Heritage Everbearing Raspberry is picked by gardeners for its flavor, firmness, and large fruit size. This bush has two harvest seasons with a moderate yield in July and heavy yield in September until frost. Preferred uses include extra-sweet, juicy fruit that is good fresh, canned or frozen.
September Everbearing Raspberry is one of the most popular home and commercial cultivars. It produces crops in two seasons, with a light crop in June followed by a heavy crop in September. The berries are medium-size, tart, juicy, rose-red raspberries with small seeds. Preferred uses include fresh eating, frozen, and in preserves and pies.
Read Caring for Fruit Trees and Bushes: Grapes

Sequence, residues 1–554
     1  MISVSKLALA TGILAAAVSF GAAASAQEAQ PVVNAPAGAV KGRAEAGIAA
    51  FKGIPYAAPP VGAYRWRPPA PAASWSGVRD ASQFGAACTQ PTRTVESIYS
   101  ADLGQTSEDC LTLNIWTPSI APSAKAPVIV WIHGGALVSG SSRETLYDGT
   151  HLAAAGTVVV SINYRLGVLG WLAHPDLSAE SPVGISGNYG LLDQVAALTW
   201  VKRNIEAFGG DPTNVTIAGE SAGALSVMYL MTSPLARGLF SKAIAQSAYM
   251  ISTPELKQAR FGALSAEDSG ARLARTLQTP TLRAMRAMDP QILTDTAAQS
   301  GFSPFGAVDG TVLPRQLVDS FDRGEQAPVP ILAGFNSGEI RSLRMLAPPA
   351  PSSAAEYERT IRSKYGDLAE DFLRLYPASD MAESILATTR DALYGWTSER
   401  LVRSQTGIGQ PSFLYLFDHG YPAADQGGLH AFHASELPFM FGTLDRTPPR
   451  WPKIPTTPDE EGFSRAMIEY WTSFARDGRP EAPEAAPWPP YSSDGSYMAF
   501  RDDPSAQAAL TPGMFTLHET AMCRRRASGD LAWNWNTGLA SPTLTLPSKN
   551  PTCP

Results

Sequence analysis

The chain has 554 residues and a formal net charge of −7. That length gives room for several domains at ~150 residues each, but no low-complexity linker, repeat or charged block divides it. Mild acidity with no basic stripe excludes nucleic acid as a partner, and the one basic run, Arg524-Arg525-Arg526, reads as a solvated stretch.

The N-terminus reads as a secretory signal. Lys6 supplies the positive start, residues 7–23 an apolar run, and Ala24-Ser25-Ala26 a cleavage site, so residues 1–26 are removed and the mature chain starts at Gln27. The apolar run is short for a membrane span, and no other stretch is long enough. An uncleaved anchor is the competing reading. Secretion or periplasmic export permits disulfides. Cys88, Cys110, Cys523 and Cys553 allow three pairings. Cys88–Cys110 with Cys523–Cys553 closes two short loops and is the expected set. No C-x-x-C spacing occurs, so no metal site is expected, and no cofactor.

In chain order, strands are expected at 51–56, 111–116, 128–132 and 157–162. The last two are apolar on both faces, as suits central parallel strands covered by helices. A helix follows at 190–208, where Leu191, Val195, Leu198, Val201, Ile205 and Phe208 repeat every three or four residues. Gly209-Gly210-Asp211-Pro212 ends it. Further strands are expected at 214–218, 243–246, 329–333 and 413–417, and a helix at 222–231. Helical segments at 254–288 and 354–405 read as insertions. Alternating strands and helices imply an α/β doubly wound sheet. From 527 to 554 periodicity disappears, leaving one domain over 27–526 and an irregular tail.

Choosing a ..
6 Ways Urban Trees Make You More Active Outdoors
By Sheereen Othman | August 6, 2018
Healthy Trees, Healthy Lives
Spending time outdoors in nature is not only fun, but it’s therapeutic and rejuvenating. Time spent in nature improves your physical, mental, and spiritual health. Residents who live in greener communities are three times more likely to be physically active and 40 percent less likely to be overweight than those living in less green settings.
To kick-off National Exercise with your Child Week, we’re sharing 6 ways trees lure you outdoors and make you want to stay there.
People like to stay cool, so when there are opportunities to walk or sit under a shaded area, residents are more likely to go outdoors. But it doesn’t only apply to parks and green spaces, trees in the city brings more people to the city. Evaporation from leaves can cool a neighborhood by a few degrees during the hottest periods. Summer heat waves make this more evident than e..